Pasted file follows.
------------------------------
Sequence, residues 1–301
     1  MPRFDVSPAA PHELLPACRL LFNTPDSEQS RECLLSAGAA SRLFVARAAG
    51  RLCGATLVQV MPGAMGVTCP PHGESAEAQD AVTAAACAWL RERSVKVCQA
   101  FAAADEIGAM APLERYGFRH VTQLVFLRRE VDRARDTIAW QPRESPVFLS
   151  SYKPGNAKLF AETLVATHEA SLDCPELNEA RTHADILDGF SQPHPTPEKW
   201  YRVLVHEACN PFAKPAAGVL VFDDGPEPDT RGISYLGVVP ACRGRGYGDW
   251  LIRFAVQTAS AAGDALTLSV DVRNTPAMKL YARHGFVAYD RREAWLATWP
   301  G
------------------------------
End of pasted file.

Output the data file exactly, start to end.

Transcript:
Sequence, residues 1–301
     1  MPRFDVSPAA PHELLPACRL LFNTPDSEQS RECLLSAGAA SRLFVARAAG
    51  RLCGATLVQV MPGAMGVTCP PHGESAEAQD AVTAAACAWL RERSVKVCQA
   101  FAAADEIGAM APLERYGFRH VTQLVFLRRE VDRARDTIAW QPRESPVFLS
   151  SYKPGNAKLF AETLVATHEA SLDCPELNEA RTHADILDGF SQPHPTPEKW
   201  YRVLVHEACN PFAKPAAGVL VFDDGPEPDT RGISYLGVVP ACRGRGYGDW
   251  LIRFAVQTAS AAGDALTLSV DVRNTPAMKL YARHGFVAYD RREAWLATWP
   301  G